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  • Writer's pictureBeth Jennings

Amy’s Story

Since being home we’ve been in contact with many people who have been to Ukutula or heard a lot about it. The story below has been spreading around social media already gaining over 400 shares in just one day. Amy has recently worked on a bridal photoshoot at Ukutula which involved the lion cubs and after reading her response we really wanted to share it, so have a read!

“The other day I worked on a shoot at a game lodge called Ukutula. When I arrived, I didn’t know we would be shooting with baby lions. Ukutula is well known for its cub petting services. The photographer assured me that this lodge was doing good work for lions by breeding them to be stronger and more resilient against contracting feline Aids. Their mission is to release these lions back into the wild since our wild lion population is dwindling rapidly.

In theory this sounds good doesn’t it? Protecting a species and saving the future lion population?

Something just didn’t feel right to me. I started looking around for information on this practice.

Here’s what I found:

The harsh reality is that petting cubs are a product of FACTORY FARMING.

The cubs are taken from their mothers shortly after birth. This causes extreme stress to both the mother and the cubs. The mother is then forced to breed again and again, to produce about 2 or 3 litters in a year. This is extremely unnatural. In the wild lionesses will only reproduce cubs every second or third year.

Lions deprived of growing up in a natural social group and hand reared CANNOT be released into the wild. They have NO conservation value. They are bred for only one reason


Lion cubs are naturally boisterous so they are often maltreated by staff members if they do not behave themselves. (It made me wonder if the cub our model was holding had been drugged before hand to become docile and easy to handle.)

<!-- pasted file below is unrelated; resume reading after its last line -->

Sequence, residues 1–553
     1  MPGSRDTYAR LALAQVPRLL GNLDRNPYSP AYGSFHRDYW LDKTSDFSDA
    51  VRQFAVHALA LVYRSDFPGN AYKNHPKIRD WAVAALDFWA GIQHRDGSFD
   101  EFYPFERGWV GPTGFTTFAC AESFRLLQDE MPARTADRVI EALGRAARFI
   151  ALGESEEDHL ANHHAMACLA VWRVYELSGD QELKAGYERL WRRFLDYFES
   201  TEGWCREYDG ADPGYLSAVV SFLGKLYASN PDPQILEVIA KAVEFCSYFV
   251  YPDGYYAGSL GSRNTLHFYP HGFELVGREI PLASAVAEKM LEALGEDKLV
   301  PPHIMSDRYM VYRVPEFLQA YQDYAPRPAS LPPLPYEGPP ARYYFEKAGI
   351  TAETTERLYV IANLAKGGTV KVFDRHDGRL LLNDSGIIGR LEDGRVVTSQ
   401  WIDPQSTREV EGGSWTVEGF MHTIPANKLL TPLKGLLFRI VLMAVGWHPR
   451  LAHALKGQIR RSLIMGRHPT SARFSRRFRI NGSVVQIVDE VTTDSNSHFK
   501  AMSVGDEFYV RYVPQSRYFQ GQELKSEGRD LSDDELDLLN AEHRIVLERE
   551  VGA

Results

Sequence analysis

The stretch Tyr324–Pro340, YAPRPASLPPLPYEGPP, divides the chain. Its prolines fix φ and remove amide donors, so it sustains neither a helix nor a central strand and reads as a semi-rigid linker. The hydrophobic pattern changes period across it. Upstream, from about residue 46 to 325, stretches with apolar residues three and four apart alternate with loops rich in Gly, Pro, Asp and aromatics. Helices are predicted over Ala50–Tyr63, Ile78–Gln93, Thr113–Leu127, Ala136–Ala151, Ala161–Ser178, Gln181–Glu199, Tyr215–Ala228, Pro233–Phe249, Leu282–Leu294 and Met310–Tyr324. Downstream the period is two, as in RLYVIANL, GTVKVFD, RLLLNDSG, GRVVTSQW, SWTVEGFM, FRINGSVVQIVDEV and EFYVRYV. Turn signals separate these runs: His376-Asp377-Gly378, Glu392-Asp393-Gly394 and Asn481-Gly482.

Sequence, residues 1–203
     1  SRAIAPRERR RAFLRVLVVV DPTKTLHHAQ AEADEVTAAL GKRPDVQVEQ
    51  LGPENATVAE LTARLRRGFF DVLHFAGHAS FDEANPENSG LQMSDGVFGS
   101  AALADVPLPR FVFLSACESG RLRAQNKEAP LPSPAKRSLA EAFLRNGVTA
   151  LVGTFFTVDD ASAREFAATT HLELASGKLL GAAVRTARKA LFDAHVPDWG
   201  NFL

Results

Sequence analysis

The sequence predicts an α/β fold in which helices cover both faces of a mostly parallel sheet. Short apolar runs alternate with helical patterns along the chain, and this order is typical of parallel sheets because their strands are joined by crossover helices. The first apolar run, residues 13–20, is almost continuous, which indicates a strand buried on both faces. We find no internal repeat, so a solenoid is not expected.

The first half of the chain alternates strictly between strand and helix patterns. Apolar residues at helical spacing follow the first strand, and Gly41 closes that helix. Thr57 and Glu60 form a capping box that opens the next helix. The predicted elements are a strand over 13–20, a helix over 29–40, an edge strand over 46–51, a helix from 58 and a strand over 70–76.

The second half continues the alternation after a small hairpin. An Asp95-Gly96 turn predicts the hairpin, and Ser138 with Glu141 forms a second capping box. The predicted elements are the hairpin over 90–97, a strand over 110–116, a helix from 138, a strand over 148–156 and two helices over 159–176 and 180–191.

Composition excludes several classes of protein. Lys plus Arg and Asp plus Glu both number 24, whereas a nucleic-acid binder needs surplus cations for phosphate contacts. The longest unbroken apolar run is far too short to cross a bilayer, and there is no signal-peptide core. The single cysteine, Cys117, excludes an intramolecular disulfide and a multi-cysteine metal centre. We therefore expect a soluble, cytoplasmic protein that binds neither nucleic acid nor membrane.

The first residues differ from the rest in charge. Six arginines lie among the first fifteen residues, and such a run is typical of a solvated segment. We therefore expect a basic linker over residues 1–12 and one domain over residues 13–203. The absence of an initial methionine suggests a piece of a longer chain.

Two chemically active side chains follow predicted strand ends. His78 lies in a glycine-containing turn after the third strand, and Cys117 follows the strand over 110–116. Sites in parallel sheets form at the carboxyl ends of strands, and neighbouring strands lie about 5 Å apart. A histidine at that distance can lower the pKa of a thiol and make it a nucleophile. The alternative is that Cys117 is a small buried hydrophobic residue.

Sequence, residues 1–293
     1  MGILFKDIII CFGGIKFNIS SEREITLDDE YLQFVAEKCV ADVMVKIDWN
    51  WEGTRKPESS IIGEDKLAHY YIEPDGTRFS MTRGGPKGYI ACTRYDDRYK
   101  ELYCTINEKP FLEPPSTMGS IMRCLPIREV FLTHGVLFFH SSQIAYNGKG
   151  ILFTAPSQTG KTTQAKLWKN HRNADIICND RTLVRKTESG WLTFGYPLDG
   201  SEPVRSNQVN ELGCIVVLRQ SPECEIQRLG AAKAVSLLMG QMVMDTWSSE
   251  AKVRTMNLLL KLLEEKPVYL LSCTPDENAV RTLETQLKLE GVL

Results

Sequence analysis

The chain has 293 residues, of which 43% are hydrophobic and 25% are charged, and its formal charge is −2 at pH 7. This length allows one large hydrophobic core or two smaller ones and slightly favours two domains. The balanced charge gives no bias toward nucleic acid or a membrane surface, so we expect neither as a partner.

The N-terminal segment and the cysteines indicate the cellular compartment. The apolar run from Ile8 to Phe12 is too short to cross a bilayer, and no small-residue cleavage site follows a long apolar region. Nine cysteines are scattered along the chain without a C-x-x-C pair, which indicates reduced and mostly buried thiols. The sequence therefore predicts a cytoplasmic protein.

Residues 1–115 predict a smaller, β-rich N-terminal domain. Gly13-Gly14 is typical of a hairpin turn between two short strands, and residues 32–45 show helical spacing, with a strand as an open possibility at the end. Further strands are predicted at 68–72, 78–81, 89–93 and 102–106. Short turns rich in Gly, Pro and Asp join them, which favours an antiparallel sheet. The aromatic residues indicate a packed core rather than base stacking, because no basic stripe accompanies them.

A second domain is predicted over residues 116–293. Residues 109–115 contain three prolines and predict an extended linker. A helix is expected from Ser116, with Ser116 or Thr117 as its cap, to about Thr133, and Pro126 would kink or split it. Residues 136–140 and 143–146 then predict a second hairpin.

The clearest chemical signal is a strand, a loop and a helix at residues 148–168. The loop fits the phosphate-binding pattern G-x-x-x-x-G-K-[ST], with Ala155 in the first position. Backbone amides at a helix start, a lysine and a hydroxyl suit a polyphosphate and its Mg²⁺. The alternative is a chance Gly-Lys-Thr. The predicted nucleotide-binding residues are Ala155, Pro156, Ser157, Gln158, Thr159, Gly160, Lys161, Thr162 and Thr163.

Here’s the truth about what happens to the cubs once they grow up:

1. They get killed in canning grounds.

2. They’re forced to breed just like their mothers and fathers.

3. They’re sold to the black market or to exotic owners. (Whilst at Ukutula I found out they had recently shipped 20 lions to the DRC. This was more than likely a hunting exchange.)

4. They’re taken to other petting zoos where you can still pet the older animals, but they’re DRUGGED for you to do it.

Not all cub petting facilities look bad on the outside but the reality is, if you support these places you are directly supporting the canned lion business.

The most important thing you can do to help is to let your friends know that cub petting is NOT COOL. I’ve seen the small enclosures these lions are forced to live in and it’s even worse than you may think. Hundreds of lions/tigers/pumas are forced to live in small confined spaces. I’ve seen this first hand at a place called BUISFONTEIN LODGE.

If you have international friends that want their picture taken with a baby cub, please tell them the truth about what is going on to these beautiful creatures.”

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